In the rush to declare “winners and losers” of the Republican National Convention, the city of Cleveland came out overwhelmingly on top in the headlines. “We were promised a riot, we got a block party instead,” wrote the Washington Post
, while the L.A. Times documented
the post-RNC “victory lap” taken by Cleveland’s business and political leaders. “Mistake on the Lake no more,” Cleveland.com grandly proclaimed
. And the New York Times hailed the “loud exercise”
of First Amendment rights on the newly renovated Public Square, causing The City Club of Cleveland to swoon on its Facebook page: “We [heart] free speech.”
If it weren’t for questions about a five-million-dollar fundraising shortfall
in covering convention-related costs, and the loss of regular business
by establishments located outside the eye of the RNC hurricane, it would be impossible to say that hosting the convention was a bad thing for the city in and of itself. The Trump campaign’s orgy of demagoguery had to be broadcast from somewhere, and was otherwise mostly contained by the walls of Quicken Loans Arena. Downtown Cleveland looked as good as ever and the streets had an undeniably positive feel, even despite the at-first-jarring presence of massive security fences and armies of police imported from all around the nation. (“[The RNC] is like ‘It’s a Small World’ for cops,” noted one visiting journalist
.) All else equal, it’s nice to leave your troubles
behind, get dressed up, and have folks pay some attention to you every once in awhile. In this sense, Cleveland was properly dressed to the nines and painted the national consciousness red.
But what about the other 98 years per century when a major political party won’t host its national convention here? And what’s so good about free speech on Public Square when it has little to no chance of influencing the public policy set by those inside the arena? Here, the layers of security that radiated from the convention floor, effectively isolating protesters from the convention’s participants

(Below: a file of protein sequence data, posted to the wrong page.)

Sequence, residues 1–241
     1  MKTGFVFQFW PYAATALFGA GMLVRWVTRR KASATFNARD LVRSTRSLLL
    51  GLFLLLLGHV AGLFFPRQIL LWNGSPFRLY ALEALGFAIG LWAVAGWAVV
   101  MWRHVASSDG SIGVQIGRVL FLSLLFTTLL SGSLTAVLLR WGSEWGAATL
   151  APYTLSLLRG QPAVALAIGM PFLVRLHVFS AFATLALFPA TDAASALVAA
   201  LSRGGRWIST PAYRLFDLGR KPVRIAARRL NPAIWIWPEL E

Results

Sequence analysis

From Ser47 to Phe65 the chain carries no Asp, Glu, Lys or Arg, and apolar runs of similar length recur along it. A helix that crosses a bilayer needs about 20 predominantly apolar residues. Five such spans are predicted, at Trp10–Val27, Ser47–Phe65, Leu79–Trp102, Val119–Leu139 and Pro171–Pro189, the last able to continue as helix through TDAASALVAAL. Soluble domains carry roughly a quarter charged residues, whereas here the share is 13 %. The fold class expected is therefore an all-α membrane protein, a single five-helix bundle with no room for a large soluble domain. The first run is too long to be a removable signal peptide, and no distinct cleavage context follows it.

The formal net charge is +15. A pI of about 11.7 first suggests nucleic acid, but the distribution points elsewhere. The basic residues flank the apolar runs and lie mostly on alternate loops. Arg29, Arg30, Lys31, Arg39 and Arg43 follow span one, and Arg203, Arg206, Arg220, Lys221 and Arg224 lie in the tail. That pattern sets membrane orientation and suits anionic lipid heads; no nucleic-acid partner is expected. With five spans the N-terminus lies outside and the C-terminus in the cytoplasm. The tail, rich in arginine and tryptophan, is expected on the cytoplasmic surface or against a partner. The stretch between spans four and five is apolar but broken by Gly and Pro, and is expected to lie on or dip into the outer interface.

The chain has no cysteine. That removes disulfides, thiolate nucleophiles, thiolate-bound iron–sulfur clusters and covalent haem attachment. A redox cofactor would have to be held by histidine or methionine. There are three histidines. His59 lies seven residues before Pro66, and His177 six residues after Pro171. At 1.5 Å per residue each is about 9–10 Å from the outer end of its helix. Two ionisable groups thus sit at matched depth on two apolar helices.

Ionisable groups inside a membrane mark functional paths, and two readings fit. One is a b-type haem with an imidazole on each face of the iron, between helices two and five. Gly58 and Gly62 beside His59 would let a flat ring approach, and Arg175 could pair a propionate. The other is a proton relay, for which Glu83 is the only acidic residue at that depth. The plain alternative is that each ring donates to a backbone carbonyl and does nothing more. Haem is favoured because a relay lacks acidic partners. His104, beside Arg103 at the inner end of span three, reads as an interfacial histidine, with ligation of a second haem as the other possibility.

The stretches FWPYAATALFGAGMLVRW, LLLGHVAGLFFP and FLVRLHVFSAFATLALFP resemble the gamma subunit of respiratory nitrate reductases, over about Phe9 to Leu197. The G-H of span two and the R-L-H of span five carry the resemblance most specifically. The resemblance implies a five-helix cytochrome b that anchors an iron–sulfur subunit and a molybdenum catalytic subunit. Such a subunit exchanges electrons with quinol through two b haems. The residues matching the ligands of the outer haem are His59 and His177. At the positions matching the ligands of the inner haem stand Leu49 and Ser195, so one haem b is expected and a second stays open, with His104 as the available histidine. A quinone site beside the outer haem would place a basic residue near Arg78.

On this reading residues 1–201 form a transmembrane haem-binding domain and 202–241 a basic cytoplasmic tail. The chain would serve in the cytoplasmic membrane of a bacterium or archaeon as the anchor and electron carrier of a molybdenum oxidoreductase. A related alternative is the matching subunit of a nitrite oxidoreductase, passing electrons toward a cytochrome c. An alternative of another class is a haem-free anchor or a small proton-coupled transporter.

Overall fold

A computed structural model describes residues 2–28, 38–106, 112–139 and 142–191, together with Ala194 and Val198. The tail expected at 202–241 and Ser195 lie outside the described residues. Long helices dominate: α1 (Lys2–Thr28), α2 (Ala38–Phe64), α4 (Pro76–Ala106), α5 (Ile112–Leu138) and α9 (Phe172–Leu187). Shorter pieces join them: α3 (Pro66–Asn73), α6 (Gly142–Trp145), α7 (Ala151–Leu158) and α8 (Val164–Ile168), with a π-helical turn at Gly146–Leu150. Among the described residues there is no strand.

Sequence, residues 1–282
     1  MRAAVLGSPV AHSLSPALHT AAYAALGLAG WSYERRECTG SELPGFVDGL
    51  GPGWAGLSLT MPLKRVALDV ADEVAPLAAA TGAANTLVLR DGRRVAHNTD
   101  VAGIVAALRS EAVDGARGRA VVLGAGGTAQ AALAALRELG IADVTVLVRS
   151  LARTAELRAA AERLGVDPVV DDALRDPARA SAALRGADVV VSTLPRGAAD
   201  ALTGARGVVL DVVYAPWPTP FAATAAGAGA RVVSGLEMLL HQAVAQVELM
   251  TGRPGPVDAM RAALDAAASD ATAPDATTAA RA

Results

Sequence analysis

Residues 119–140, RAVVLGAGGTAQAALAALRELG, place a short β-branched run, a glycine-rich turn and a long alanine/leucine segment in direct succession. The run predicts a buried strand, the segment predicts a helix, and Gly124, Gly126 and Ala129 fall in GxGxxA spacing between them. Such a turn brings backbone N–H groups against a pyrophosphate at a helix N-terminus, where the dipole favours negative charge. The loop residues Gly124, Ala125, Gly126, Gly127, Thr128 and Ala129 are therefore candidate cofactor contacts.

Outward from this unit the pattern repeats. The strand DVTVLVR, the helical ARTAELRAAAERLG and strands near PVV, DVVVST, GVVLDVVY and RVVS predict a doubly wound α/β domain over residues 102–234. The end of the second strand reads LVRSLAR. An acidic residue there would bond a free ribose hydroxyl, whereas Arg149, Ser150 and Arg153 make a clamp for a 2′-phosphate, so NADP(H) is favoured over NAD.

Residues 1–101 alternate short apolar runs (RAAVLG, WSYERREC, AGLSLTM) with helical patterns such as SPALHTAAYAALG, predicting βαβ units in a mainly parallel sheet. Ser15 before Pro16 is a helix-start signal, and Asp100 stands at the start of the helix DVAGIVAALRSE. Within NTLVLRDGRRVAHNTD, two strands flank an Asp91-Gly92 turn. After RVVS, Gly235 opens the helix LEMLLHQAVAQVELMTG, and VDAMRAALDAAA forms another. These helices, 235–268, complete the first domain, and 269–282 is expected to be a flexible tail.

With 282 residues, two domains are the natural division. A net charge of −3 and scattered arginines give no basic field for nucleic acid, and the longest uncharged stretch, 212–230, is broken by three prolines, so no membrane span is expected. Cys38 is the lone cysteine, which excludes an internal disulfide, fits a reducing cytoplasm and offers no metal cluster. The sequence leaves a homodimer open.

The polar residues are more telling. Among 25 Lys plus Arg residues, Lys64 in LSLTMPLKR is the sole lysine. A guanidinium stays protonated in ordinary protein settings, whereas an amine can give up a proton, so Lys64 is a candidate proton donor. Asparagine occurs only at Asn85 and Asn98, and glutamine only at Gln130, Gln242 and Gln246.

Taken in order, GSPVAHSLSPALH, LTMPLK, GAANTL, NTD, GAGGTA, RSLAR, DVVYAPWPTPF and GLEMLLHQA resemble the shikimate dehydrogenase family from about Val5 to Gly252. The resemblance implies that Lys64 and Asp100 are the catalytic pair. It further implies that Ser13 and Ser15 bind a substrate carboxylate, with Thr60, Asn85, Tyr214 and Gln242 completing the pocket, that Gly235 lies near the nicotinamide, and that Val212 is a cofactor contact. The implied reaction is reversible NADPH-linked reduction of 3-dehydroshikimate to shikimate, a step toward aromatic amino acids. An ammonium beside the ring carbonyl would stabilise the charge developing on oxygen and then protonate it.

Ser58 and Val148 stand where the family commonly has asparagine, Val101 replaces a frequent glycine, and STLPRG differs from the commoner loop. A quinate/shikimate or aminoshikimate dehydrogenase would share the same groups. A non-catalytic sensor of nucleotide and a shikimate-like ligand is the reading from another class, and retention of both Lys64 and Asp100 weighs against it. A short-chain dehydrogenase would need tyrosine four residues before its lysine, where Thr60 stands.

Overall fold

, served as an apt metaphor for the resounding success
of the Republican Party’s sustained effort to replace the vote with the dollar as the fundamental unit of American democracy
. With limits on campaign spending having been obliterated by the Republican project, the barriers between citizens and politicians, politicians and accountability, have never been so impenetrable.
And now that only the most expensive speech is “heard” in any politically meaningful sense, words mean less than ever in the political context. As the cost of political speech skyrockets, its availability and diversity naturally plummets, and a billionaire demagogue can be increasingly sure that the few with the means to counter his emotional appeals with logic will be increasingly less inclined or less able to do so effectively. Which explains as well as anything Trump’s rise to the Republican nomination, culminating in his display in Cleveland last week.
“The crime and violence that afflicts our nation today will soon come to an end.” “Nobody knows the system better than me, which is why I alone can fix it.” “We are going to build a great border wall to stop illegal immigration.” “I’m going to bring our jobs back to Ohio and to America – and I am not going to let companies move to other countries without consequences.” “We are going to Make America Great Again.”
The implausibility of Trump’s claims mattered much less than the context in which they were proclaimed and the feelings they aroused as a result. As Nathan J. Robinson recently pointed out at Current Affairs
, “global inequality has risen to the point that nearly all wealth is controlled
by a tiny minority of the super-rich, and labor power is in decline
.” Yet, the Democratic Party—as beholden as ever
to this “tiny minority”—has been largely confined in responding to Trump with an argument that “America is already great.” In the absence of “a compelling alternative vision and program,” says Robinson, “of course people will be susceptible to demagoguery about crime and immigration.” While “Trump ... may have a racist and delusional explanation for the cause of the world’s troubles, [at least he has] an explanation.” And in today’s profoundly warped market for political speech, any old explanation might do.
In Donald Trump’s America, you can [heart] free speech all you want, but the speech that really counts is anything but free. And in the absence of meaningful speech, feelings will naturally take over. Regardless of whether Hillary Clinton can figure out how to stir enough emotion to beat him in November, if the barriers to meaningful political participation remain as constructed there will be plenty worse to worry about than a President Trump.